- Security TWENTY
- Women in Security
More than eight in ten organisations globally (83pc) have experienced a third party incident – such as a supplier losing data after falling victim to a cyber-attack – in the past three years, according to new research by an audit firm. The figure rises to 90pc of all UK based respondents.
Almost half of those incidents globally (46pc) have resulted in a high or moderate business impact such as significant impairment to customer service, material financial losses, reputational damage or a regulatory breach. According to previous calculations from Deloitte, fines issued directly from third party failures have ranged from £1.3m to £35m, reaching £650m for those firms operating internationally, and an average share price drop of 2.55pc.
The 2019 survey suggests that the majority of organisations have insufficient visibility of their supply chains and the potential risks they face from within these networks. In particular, only one out of ten organisations (10pc) have a reasonable ongoing knowledge and awareness of their subcontractors – typically referred to as fourth/fifth parties – engaged by their third parties. Of this 10pc, only 2pc of organisations state they identify and monitor all subcontractors, and the other 8pc do so for their most critical relationships, such as vital infrastructure and IT. The remaining 90pc believe they are lacking the required knowledge or resources to monitor fourth/fifth parties.
Kristian Park, extended enterprise risk management (EERM) partner at Deloitte, says: “Companies across the world are increasingly relying on an ever-growing number of third, fourth and fifth parties to supply everything from readily available consumables like office stationary, to bespoke and highly critical products and services. However, many are not ‘brilliant at the basics’ and don’t have appropriate oversight of what is happening across their organisations, leaving them exposed to potential failures they may be held accountable for.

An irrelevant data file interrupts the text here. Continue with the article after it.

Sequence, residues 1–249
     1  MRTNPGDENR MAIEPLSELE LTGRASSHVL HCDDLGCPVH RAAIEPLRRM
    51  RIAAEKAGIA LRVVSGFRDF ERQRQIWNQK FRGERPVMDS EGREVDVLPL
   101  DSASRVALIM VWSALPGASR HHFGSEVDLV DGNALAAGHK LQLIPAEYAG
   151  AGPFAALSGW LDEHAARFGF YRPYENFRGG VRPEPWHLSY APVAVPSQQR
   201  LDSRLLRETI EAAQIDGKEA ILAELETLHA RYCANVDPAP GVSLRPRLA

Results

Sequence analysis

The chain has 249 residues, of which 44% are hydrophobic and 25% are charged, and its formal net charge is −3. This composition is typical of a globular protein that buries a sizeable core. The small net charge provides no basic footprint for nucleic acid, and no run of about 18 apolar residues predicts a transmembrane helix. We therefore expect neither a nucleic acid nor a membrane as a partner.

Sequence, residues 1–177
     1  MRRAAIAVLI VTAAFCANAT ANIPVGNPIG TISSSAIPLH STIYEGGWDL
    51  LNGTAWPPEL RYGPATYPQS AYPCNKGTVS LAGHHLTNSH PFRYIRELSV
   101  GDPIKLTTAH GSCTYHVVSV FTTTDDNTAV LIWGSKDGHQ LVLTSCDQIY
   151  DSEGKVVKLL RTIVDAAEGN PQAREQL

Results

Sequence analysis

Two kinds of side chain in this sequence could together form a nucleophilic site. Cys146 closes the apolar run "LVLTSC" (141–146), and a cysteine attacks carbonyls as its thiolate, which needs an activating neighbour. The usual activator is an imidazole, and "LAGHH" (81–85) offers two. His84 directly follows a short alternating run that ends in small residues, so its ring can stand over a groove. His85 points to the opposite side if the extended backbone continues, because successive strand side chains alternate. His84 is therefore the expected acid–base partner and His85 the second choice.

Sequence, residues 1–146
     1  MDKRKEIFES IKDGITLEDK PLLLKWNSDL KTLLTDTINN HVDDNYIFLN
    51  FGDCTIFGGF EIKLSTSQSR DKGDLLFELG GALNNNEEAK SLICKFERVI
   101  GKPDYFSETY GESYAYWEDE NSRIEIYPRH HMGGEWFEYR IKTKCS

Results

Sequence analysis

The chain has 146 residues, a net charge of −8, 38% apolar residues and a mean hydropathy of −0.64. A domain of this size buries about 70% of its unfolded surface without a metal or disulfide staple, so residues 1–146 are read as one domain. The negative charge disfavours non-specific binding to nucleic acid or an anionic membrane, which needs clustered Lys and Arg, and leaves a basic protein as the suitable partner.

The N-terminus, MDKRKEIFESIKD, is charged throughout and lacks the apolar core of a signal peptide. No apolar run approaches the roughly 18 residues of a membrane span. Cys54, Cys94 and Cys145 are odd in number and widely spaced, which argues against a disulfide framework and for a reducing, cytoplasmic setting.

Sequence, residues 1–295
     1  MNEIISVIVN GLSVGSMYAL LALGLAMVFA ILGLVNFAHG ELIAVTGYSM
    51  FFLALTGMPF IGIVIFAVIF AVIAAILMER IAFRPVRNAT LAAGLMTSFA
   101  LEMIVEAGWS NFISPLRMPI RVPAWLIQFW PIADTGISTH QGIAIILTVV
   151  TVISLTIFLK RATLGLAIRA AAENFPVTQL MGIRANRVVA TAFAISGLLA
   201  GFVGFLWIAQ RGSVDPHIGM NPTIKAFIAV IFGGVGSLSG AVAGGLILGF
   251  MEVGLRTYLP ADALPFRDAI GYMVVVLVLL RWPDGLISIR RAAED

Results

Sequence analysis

“With Brexit looming on the horizon, for those companies operating in the UK it’s more important than ever to have sufficient oversight of supply chains and any potential risks. Those who do so can not only proactively manage any goods or services that may be impacted in the short term, but also respond much quicker to any necessary changes – like meeting new regulations – that could lie ahead.”
Half of organisations are spending more than US$1 million annually to manage third party risks at present. However, approximately 11pc of those surveyed – typically representing the largest and most complex global organisations – spend more than US$10 million per annum each and employ more than 100 full time staff to do so.
Overall, investment is skewed towards protecting information security (68pc) and data privacy (62pc). Yet organisations are still underinvesting in crucial areas such as labour rights (18pc) and geopolitical risk (12pc).
Park adds: “With the rising number of cyber-attacks and legislation such as General Data Protection Regulation (GDPR) coming into force, it’s hardly surprising that companies have been focusing their investment on areas such as information security and data privacy. However, visibility in areas such as labour rights within a parent company’s supply chain – particularly as regulation to combat modern slavery grows across the world as recently seen in Australia – is grossly lagging behind. The same goes for areas like health and safety and geopolitical risk as tensions over trade wars continue, as well as financial viability and concentration risk, where systemic failures as a result of over-reliance are possible.”